The tides are turning in a quest to solve an earthquake mystery.
Years ago, scientists realized that earthquakes along mid-ocean ridges — those underwater mountain ranges at the edges of the tectonic plates — are linked with the tides. But nobody could figure out why there’s an uptick in tremors during low tides.
“Everyone was sort of stumped, because according to conventional theory, those earthquakes should occur at high tides,” explained Christopher Scholz, a seismologist at Columbia University’s Lamont-Doherty Earth Observatory.
In a study published today in Nature Communications, he and his colleagues have uncovered the mechanism for this seeming paradox, and it comes down to the magma below the mid-ocean ridges.
“It’s the magma chamber breathing, expanding and contracting due to the tides, that’s making the faults move,” said Scholz, who co-led the study along with Lamont-Doherty graduate student Yen Joe Tan.
Going against the tide
The low tide correlation is surprising because of the way the mid-ocean fault moves. Scholz described the fault as a tilted plane that separates two blocks of earth. During movement, the upper block slides down with respect to the lower one. So, scientists expected that at high tides, when there is more water sitting on top of the fault, it would push the upper block down and cause the earthquakes. But that’s not what happens. Instead, the fault slips down during low tide, when forces are actually pulling upwards — “which is the opposite of what you’d expect,” said Scholz.
To get to the bottom the mystery, he, Tan, and Fabien Albino from the University of Bristol studied the Axial Volcano along the Juan de Fuca Ridge in the Pacific Ocean. Because the volcano erupts every ten years or so, scientists have set up dense networks of ocean bottom instruments to monitor it. The team used the data from those instruments to model and explore different ways the low tides could be causing the tremors.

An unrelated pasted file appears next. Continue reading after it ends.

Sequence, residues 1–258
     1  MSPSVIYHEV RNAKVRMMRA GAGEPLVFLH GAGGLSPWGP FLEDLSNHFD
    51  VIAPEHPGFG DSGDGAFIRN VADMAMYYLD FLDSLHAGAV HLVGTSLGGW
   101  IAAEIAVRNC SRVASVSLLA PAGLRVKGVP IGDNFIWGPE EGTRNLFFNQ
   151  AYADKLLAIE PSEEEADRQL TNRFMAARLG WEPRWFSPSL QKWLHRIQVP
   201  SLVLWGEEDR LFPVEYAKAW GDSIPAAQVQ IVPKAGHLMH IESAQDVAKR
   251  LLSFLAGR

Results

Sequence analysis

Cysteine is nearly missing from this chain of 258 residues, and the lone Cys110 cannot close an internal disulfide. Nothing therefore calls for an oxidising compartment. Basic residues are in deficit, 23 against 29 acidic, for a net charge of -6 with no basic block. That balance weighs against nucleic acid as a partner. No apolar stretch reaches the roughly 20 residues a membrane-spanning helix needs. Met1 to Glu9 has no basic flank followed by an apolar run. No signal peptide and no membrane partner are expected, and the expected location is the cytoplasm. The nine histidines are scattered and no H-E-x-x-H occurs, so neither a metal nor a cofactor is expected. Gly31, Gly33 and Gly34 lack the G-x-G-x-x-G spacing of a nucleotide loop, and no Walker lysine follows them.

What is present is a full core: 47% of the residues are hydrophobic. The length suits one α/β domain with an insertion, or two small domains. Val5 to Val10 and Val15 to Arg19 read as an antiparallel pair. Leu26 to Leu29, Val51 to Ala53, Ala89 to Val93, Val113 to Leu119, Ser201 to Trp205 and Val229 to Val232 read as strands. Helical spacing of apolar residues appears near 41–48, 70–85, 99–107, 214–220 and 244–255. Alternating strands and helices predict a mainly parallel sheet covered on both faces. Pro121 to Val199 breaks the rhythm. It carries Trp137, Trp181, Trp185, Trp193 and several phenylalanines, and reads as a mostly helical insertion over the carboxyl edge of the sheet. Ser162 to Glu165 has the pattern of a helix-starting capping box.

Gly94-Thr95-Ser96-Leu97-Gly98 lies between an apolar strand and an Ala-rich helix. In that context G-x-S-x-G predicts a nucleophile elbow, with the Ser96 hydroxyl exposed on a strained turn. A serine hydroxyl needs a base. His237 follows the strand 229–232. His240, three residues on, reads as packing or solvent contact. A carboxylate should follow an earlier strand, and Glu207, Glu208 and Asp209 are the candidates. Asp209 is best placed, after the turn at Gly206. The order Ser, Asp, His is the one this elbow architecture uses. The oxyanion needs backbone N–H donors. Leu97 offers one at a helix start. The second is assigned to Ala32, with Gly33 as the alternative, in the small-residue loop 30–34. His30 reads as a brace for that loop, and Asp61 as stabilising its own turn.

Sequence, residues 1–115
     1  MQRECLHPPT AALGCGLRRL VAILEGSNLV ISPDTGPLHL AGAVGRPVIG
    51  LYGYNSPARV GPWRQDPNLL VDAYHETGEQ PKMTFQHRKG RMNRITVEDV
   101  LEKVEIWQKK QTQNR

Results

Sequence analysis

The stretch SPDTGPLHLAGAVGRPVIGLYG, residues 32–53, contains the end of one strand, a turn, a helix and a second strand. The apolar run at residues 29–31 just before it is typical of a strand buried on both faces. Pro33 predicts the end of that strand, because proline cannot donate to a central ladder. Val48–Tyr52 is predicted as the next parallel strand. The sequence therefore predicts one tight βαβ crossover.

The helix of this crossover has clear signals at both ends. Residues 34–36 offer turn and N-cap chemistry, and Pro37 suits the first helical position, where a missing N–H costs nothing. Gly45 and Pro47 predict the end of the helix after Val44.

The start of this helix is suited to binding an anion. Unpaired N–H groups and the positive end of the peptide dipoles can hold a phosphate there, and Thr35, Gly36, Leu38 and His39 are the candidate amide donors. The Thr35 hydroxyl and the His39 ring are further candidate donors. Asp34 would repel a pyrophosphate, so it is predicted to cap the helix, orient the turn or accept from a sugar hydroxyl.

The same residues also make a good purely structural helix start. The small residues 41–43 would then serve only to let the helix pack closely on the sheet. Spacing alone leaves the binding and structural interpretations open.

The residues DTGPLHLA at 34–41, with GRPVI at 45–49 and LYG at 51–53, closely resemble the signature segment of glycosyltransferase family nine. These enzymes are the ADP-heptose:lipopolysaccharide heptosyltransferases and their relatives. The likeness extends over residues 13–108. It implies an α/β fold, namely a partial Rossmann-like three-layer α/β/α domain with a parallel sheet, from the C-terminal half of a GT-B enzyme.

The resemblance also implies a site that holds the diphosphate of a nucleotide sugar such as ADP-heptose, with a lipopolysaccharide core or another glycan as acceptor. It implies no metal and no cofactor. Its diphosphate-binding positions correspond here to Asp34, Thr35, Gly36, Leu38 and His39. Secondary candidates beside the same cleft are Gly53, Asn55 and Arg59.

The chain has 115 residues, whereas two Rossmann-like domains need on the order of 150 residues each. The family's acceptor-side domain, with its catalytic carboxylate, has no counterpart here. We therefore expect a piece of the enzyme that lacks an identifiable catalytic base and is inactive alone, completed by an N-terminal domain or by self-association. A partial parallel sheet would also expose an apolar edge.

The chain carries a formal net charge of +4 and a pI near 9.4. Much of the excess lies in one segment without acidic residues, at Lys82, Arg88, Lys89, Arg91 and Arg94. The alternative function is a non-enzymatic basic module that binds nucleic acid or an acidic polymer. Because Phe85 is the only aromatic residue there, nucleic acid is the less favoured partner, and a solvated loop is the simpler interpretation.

In the end, it came down to a component that no one else had considered before: the volcano’s magma chamber, a soft, pressurized pocket below the surface. The team realized that when the tide is low, there is less water sitting on top of the chamber, so it expands. As it puffs up, it strains the rocks around it, forcing the lower block to slide up the fault, and causing earthquakes in the process.
Furthermore, said Scholz, the tidal earthquakes in this region are “so sensitive that we can see details in the response that nobody could ever see before.” When the team charted the earthquake rate versus the stress on the fault, they realized that even the tiniest stress could trigger an earthquake. The tidal data helped to calibrate this effect, but the triggering stress could be caused by anything — such as the seismic waves from another earthquake, or fracking wastewater pumped into the ground.
“People in the hydrofracking business want to know, is there some safe pressure you can pump and make sure you don’t produce any earthquakes?” said Scholz. “And the answer that we find is that there isn’t any — it can happen at any level of stress.”
Of course, a small stress over a small area isn’t going to cause a devastating earthquake, and the exact amount of stress needed varies from place to place. “Our point is there’s no intrinsic stress that has to be exceeded to cause an earthquake,” says Scholz. “There isn’t any rule of thumb.”
Content Manager, State of the Planet
Earth Institute, Columbia University